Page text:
“The count is rising across the country and here in our own state people are having severe lung illness from these devices,” she said, pointing out that there are over 500 cases of several lung illnesses nationwide plus nine confirmed deaths, including one in Minnesota.

As of Monday, the U.S. Centers for Disease Control and Prevention announced that there were at least 15 vaping-related deaths across the nation and more than 800 cases of lung illness reported.

Though many unknowns remain with no confirmed common denominator across every case of lung illness, experts are beginning to discover links between elicit THC being used in vaping devices, Casady said. The American Lung Association has even been hearing increased reports of educators throughout the region who are seeing side effects of tobacco use right in the school. “They’re fidgety and can’t get through an entire class period without needing to get a hit of their nicotine and so they’re leaving the classroom all the time, disrupting class,” she said.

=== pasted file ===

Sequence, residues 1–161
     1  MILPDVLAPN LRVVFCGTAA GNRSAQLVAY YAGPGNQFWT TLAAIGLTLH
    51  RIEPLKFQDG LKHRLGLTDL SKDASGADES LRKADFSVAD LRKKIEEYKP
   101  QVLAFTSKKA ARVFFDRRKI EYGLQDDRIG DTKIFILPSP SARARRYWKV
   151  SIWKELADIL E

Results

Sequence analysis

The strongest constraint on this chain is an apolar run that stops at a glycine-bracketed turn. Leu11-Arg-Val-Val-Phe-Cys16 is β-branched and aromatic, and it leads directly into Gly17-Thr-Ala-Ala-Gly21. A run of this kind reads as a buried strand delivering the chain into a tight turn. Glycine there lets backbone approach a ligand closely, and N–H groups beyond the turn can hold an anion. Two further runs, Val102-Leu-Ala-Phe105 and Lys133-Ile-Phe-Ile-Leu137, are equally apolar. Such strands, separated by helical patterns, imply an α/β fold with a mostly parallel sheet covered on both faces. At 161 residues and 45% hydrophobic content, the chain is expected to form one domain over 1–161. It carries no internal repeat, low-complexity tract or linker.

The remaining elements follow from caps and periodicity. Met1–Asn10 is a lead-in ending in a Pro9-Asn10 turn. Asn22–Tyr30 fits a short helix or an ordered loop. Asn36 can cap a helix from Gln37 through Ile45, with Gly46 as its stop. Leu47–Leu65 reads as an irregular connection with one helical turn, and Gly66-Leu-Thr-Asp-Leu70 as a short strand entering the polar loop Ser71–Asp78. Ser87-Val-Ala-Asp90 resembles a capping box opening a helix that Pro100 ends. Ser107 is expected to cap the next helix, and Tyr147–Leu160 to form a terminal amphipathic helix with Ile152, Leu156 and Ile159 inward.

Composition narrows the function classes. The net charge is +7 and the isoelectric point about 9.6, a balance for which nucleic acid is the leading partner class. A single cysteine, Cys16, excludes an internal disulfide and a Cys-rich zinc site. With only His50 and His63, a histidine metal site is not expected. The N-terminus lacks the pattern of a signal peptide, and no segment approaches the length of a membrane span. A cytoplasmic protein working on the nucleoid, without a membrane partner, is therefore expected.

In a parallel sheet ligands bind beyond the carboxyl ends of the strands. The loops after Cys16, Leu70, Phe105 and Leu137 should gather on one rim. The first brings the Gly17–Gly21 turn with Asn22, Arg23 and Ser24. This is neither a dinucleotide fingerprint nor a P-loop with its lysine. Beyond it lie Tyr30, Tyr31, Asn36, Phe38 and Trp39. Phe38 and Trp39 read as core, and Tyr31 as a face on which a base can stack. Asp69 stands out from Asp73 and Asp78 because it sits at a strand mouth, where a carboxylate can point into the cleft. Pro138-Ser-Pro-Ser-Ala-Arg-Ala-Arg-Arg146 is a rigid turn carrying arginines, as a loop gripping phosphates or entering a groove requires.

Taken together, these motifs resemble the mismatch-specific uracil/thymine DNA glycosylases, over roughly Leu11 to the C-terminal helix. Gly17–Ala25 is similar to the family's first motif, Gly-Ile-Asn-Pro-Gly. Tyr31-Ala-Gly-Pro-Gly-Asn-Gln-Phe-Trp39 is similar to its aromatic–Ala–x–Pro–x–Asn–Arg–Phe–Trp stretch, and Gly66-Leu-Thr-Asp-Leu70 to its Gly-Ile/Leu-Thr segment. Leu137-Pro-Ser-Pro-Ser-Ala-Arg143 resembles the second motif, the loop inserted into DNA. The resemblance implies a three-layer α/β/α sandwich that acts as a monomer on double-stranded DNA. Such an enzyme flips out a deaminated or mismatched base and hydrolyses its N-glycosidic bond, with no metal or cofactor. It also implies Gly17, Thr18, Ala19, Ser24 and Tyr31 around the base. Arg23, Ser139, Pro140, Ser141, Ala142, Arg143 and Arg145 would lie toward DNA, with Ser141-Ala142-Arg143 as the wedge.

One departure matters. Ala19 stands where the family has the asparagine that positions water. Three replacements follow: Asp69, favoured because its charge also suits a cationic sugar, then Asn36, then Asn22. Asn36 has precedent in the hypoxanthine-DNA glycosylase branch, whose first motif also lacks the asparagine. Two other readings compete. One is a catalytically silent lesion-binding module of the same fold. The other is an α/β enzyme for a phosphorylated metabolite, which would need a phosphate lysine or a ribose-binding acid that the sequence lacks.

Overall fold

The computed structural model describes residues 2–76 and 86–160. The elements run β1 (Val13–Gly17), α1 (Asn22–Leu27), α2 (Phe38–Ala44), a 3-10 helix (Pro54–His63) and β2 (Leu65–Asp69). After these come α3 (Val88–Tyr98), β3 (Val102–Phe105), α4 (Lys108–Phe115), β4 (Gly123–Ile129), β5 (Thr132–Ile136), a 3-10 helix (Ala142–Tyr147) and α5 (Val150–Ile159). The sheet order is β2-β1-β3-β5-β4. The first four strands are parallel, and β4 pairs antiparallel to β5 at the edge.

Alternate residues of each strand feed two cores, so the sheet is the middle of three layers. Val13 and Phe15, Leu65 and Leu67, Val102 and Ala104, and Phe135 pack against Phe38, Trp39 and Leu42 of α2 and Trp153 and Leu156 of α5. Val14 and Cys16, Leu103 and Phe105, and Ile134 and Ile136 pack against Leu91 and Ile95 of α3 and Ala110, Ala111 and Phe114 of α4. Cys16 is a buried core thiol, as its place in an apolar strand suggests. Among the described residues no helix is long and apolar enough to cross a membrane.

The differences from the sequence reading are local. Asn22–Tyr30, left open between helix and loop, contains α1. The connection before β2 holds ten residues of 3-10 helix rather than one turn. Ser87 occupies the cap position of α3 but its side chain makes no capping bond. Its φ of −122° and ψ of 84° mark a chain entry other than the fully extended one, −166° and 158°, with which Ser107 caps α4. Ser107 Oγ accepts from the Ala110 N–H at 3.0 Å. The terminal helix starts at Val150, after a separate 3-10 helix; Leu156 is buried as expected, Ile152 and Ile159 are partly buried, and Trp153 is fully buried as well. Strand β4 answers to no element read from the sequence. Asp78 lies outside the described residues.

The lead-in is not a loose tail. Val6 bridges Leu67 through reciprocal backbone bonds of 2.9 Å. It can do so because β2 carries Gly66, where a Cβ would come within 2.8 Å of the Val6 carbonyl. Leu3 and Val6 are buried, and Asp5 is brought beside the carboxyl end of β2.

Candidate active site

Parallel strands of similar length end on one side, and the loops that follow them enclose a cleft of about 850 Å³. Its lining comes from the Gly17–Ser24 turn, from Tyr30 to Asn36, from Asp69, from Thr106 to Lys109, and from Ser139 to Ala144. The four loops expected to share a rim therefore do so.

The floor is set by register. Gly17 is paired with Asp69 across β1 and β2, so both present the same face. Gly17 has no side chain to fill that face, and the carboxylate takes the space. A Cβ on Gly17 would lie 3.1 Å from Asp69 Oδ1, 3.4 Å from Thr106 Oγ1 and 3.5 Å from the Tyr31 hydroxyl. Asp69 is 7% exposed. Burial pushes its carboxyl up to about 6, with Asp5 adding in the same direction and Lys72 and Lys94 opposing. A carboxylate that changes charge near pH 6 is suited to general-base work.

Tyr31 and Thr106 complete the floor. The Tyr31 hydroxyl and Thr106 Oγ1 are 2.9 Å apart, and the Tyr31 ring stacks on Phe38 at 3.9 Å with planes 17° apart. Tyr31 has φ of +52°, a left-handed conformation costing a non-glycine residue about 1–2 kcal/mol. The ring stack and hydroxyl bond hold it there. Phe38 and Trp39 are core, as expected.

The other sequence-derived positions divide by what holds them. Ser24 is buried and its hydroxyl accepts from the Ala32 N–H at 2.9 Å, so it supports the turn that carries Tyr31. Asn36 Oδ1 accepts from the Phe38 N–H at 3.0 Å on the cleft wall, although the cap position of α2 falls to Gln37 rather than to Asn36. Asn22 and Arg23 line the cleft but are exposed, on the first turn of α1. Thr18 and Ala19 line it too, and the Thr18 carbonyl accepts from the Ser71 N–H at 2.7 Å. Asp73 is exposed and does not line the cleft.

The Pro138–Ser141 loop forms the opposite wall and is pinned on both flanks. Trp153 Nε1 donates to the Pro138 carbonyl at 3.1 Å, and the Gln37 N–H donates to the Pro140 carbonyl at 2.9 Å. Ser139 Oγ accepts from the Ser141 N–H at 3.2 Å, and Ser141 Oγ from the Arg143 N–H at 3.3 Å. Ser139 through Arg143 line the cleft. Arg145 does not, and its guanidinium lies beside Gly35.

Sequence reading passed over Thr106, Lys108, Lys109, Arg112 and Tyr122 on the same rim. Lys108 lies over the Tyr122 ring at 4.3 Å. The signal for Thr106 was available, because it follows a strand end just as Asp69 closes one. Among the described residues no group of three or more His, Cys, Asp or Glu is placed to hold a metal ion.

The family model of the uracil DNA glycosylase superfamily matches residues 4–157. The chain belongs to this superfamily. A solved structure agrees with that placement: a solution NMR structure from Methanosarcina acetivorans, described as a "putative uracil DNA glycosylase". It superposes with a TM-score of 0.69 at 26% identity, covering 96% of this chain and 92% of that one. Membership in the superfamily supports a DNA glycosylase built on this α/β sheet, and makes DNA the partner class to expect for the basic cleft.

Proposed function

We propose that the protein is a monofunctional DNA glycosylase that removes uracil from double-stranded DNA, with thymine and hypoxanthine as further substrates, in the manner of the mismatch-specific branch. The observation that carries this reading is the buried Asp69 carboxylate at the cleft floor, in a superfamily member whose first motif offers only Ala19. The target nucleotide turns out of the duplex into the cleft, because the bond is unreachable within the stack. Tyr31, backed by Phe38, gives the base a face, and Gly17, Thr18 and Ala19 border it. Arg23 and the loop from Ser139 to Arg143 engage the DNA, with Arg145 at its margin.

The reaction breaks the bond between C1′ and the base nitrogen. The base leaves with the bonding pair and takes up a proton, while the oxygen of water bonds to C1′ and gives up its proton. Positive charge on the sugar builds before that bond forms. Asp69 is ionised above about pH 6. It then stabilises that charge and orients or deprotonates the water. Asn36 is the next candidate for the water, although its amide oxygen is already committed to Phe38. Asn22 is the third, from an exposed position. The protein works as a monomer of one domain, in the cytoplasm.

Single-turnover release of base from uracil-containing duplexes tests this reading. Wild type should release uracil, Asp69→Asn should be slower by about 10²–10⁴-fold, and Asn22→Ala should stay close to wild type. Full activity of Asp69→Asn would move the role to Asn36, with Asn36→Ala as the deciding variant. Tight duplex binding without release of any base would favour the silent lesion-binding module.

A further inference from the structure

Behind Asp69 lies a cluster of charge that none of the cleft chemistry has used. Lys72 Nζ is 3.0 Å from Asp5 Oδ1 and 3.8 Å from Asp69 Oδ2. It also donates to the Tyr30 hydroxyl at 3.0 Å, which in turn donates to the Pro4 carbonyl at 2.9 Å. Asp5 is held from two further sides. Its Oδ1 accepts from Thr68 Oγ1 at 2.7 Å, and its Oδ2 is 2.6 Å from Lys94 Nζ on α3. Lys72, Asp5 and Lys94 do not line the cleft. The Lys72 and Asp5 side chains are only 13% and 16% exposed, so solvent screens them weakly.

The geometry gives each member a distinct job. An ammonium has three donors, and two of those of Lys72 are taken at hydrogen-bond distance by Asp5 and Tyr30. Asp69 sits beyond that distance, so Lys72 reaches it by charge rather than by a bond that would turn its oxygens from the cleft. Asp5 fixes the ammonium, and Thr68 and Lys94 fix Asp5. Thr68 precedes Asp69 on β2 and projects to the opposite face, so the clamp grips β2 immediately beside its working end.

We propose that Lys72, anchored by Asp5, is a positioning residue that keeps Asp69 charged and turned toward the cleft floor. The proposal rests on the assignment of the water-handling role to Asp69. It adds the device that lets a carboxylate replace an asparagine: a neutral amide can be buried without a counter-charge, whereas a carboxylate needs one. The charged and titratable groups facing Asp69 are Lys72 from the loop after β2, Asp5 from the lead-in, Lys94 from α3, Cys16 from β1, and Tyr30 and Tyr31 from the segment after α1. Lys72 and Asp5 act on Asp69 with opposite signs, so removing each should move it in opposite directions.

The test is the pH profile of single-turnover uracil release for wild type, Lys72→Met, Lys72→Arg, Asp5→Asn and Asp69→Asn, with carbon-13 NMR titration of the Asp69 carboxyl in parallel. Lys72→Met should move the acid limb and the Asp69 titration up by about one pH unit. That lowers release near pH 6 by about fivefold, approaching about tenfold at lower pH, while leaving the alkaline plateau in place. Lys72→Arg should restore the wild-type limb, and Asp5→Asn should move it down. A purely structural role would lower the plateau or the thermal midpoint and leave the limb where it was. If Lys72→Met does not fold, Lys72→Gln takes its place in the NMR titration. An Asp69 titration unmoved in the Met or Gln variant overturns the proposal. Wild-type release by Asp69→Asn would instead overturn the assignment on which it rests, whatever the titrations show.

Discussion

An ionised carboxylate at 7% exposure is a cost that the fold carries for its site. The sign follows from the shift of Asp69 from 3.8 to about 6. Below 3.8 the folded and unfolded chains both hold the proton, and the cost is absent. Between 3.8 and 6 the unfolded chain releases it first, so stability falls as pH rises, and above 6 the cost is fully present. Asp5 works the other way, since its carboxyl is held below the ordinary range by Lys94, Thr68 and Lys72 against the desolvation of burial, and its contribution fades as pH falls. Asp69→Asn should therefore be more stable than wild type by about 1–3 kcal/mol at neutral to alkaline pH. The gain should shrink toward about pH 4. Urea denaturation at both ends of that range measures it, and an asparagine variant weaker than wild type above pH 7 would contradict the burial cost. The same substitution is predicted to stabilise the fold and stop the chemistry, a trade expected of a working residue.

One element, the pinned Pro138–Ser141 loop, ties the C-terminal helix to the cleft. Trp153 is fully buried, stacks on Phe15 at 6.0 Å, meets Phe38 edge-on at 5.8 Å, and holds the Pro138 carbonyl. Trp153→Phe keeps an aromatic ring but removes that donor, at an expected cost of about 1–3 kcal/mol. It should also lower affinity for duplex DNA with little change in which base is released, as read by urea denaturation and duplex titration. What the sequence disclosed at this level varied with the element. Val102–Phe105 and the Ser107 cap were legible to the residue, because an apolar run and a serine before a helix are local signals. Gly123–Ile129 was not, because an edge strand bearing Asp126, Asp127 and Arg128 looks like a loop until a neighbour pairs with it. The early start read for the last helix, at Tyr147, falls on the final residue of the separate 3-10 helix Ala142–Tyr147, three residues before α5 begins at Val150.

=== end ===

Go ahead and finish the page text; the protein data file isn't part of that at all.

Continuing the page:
She said principals are spending several hours a day addressing vaping issues in the school setting because students are vaping “everywhere, at all times.”

Casady ended her portion of the presentation by highlighting how a policy called “Tobacco 21” is being implemented in places across the state and country. The ordinance, when passed, raises the legal sales age from 18 to 21. Something she said is vital in prevention as “95 percent of addicted adults start before age 21.” It is also supported by every branch of the armed services, which strives for a tobacco-free military.

Currently, the Hibbing City Council is considering the policy.

A new means of coping